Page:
Which brings me to my next point. The Church tries to draw worldly people to Christ by being worldly. A couple thought processes are probably that if I can just get them into church, they’re on my own turf and I’ll have more chutzpa to share the gospel. Or, if they see us as being more lenient on sin, they will not be so offended. I see this in the above example, and also with a lot of music. Not that all Christian music is bad. It’s just that if it looks like the world, sounds like the world, it is of the world. In some Christian music, you can’t even hear the words. And they may be great words! But if they can’t be heard by a non-believer, how can it be a good witness? It looks and sounds just like Metallica to them. Yes, you have liberty! But do you look like Jesus at that point, or the world? Do we want to exercise “our rights,” or bring people to Christ? Didn’t Paul say, “Therefore, if what I eat causes my brother or sister to fall into sin, I will never eat meat again, so that I will not cause them to fall.” (1 Corinthians 8:13) How much more so for an unbeliever!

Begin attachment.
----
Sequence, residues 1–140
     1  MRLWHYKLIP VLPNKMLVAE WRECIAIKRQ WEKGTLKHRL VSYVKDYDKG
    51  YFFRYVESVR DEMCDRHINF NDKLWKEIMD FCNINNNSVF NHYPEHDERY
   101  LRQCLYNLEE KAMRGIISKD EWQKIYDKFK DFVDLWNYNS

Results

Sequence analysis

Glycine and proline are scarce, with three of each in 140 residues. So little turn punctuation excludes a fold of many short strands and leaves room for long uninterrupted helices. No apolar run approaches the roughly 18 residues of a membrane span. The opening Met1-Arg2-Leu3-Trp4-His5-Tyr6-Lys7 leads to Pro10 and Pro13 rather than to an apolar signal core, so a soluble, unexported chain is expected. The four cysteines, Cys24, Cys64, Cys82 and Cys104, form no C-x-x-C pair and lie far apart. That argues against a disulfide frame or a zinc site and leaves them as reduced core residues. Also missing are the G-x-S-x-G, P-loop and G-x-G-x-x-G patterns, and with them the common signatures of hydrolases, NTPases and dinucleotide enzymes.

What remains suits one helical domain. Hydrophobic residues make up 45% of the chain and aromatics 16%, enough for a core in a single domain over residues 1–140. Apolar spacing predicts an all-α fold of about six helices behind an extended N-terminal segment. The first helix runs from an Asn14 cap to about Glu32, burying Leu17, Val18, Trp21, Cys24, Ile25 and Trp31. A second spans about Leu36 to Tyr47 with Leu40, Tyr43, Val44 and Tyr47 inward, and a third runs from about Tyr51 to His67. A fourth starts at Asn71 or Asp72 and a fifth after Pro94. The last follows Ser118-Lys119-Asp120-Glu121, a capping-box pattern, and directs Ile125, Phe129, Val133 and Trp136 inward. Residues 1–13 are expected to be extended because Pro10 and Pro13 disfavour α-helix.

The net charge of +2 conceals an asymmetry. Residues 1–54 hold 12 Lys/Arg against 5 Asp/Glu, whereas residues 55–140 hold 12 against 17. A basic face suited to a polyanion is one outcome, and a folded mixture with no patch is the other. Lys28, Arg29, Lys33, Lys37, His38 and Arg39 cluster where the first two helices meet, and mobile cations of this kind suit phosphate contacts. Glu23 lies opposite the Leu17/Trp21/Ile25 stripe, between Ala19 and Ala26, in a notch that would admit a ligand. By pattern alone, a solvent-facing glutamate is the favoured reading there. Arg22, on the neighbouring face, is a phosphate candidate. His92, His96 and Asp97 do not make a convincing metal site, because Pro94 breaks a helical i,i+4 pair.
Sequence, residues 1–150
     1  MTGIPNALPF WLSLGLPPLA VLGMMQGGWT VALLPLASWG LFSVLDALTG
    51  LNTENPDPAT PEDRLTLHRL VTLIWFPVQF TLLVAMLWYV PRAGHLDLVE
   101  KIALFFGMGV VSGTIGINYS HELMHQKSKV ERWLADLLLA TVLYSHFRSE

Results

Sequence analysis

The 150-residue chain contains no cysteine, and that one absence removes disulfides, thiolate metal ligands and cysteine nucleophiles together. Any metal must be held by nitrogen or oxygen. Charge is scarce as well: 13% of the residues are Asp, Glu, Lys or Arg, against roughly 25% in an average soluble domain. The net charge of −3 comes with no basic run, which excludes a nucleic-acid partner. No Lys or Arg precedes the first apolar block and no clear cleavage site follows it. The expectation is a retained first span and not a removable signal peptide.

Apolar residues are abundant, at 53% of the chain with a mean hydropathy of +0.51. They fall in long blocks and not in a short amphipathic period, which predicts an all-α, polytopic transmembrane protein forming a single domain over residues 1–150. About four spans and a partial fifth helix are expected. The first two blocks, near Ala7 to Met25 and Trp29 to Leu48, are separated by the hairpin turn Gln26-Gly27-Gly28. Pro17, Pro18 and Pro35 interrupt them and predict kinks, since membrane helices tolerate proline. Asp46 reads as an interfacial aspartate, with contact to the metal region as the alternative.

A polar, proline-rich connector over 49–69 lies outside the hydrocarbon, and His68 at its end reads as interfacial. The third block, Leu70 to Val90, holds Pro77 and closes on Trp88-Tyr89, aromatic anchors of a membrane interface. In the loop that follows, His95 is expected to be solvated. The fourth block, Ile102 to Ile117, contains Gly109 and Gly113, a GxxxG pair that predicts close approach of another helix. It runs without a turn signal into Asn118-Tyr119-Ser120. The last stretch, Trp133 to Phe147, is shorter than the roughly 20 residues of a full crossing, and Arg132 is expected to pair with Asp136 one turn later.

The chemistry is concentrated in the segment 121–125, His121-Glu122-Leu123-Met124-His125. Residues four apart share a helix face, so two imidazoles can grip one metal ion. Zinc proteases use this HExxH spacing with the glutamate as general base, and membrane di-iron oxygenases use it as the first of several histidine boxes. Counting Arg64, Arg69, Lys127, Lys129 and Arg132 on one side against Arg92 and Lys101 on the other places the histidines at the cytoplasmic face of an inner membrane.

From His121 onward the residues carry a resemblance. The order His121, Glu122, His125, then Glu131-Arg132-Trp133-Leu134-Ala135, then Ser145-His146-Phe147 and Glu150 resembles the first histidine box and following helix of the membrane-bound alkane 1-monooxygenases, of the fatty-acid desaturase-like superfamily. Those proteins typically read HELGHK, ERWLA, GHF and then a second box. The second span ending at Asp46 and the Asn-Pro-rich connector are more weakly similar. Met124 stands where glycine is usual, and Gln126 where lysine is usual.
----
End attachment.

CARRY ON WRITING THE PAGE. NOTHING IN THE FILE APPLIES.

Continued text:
But you say, “The motive is to get them saved!” That’s well and good. But does our working and trying and finagling improve on the power of His Holy Spirit? Are we not born again by the power of God? And how did the early disciples get the chutzpa to preach? Jesus told them to “wait for power from on high.” It is not something we muster up. It is received. When we are ready. When we will use it for only God’s glory. When we rely on these worldly things, who gets the credit? Isn’t it often us? Hear the Lord: “For my own sake, for my own sake, I do this. How can I let myself be defamed? I will not yield my glory to another.” (Isaiah 48:11) Isn’t our whole approach to evangelization discussed here one of distrust? “How?,” you say. Does music, or the friendliness of our church, or any host of “good” things draw sinners to Christ? What does scripture say? “No one can come to me unless the Father who sent me draws them, and I will raise them up at the last day.” (John 6:44) No amount of cajoling will bring the lost to Christ. It is the power and work of God from first to last. So that He gets the credit. So that people look to Him, and not mere man. He glorifies Himself for our own good.